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INSECTS: food of future?

2023-04-12 12:16


INSECTS: food of future?

It is estimated that, in 2050, the world population will reach around 9 billion people. The integration of insects in the diet could partially replace the intak

In many countries they are already eaten, that is; insects. And yet, for better or worse in Western countries the attitude is a negative one. Insects are associated with disease, infection, dirt and poor sanitation.


But something is changing. From 1 January 2018, with the advent of the new foods law being enforced (Reg EU 2015/2283), the so-called "novel foods", Europe is also getting closer to the possible introduction of insects into our diet. In fact, EFSA (European Food Safety Authority) is receiving several requests for evaluation of new foods (e.g. algae-based foods, non-native fruits, herbal products derived from plants) also including several varieties of edible insects. 



Ermolaos Ververis, chemist and EFSA food science expert, who coordinated the elaboration of the first opinion adopted on insects used as novel foods, stressed that "insects are complex organisms, and this makes the characterization of the composition of food products problematic. Understanding its microbiology is essential, also considering that the whole insect is consumed. Various foods derived from insects are often declared a source of protein for nutrition. Insect-based formulas can be high in protein, although the useful protein levels may be overestimated when chitin is present, one of the main substances that make up the exoskeleton of insects. A fundamental point of the evaluation is that many food allergies are related to proteins, so we have to evaluate whether the consumption of insects can trigger allergic reactions. Such reactions can be caused by individual sensitivity to insect proteins, by cross-reacting with other allergens or by residual allergens from insect feed, for example gluten. It is a demanding job because the quality and availability of data varies, and there is a lot of diversity between one insect species and another".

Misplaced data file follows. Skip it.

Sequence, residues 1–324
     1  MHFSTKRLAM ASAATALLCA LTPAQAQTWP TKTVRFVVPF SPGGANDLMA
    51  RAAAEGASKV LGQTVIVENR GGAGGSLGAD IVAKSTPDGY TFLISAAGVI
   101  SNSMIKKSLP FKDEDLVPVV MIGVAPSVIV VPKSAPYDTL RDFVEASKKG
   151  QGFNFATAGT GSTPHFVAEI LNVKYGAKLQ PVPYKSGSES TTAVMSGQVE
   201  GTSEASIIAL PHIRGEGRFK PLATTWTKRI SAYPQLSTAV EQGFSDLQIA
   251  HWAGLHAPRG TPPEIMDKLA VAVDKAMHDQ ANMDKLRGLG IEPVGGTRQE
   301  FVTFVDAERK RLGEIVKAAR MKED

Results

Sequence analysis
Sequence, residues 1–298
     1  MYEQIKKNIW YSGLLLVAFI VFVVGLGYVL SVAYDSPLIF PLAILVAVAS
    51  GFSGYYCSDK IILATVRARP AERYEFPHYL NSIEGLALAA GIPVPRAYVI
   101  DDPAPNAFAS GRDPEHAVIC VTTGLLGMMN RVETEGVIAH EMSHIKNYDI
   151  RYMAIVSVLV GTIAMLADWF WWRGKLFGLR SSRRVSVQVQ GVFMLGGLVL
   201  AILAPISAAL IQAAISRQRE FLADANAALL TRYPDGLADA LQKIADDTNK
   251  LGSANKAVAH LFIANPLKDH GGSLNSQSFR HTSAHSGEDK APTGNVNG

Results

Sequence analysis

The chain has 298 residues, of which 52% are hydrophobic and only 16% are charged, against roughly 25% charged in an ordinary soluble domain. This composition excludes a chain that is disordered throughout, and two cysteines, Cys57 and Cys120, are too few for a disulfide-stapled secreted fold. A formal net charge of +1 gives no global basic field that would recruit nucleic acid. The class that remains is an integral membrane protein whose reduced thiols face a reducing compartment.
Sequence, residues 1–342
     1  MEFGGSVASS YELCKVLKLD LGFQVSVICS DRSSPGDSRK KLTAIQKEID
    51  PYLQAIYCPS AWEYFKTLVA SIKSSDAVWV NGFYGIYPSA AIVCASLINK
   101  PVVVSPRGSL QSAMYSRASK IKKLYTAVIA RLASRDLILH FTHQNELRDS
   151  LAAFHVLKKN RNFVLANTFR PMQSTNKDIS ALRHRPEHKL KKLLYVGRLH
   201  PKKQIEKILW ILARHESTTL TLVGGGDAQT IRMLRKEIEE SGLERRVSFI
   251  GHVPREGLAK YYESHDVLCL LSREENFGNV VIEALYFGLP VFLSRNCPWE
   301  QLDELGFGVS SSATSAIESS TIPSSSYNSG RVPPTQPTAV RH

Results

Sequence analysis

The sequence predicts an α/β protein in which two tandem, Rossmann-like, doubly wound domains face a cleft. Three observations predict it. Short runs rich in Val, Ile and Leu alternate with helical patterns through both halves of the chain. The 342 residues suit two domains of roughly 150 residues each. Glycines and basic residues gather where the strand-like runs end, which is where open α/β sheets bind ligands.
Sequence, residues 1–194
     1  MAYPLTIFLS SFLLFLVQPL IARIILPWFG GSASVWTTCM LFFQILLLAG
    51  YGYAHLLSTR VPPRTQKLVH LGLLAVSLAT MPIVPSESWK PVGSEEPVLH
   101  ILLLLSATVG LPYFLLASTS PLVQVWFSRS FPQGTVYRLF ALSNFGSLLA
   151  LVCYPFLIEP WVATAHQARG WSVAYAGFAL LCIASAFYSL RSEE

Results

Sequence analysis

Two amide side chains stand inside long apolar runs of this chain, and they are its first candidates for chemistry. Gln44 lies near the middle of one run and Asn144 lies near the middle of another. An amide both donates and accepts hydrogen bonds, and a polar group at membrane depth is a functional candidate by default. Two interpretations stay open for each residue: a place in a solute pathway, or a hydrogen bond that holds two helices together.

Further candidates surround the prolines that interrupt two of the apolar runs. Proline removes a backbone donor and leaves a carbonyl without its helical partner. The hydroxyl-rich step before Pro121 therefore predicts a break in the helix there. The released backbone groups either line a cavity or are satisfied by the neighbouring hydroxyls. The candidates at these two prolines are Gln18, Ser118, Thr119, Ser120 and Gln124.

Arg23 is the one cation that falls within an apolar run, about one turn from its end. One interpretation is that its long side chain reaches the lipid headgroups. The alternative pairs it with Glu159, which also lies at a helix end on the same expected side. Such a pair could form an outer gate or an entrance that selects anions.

Evaluating these novel foods is not easy. In fact, as stated by Dr. Helle Knutsen, molecular biologist and toxicologist, as well as a member of the EFSA expert group on human nutrition and chairman of the working group on novel foods: “The requests for evaluation of novel foods are so varied that we need diversified scientific expertise to evaluate them. Just to name a few: human nutrition, toxicology, chemistry and microbiology. The composition of the working group reflects them and, together, our scientists form a multidisciplinary team of great experience”.

In mid-January 2021, EFSA gave a positive opinion for human consumption to the thermally dried yellow flour maggot (Tenebrio molitor), whole or in the form of flour. But before arriving on the shelves it must also pass the validation by the European Commission and receive the authorization from the member states for marketing on its territory. This is the first decision on a food of this type, which could form a path for a large number of similar products to follow. EFSA is currently evaluating a dozen requests on edible insects.



It is estimated that, in 2050, the world population will reach around 9 billion people. The integration of insects in the diet could partially replace the intake of animal meat. In fact, the breeding of insects requires much fewer resources (water, land, feed) than the intensive breeding of common animals and this would also lead to a reduction in greenhouse gas emissions.

Although the majority of Italians (54%) consider insects to be foreign to the national food culture, it is not impossible that in a few years we may find flours and snacks based on larvae and grasshoppers on the shelves.

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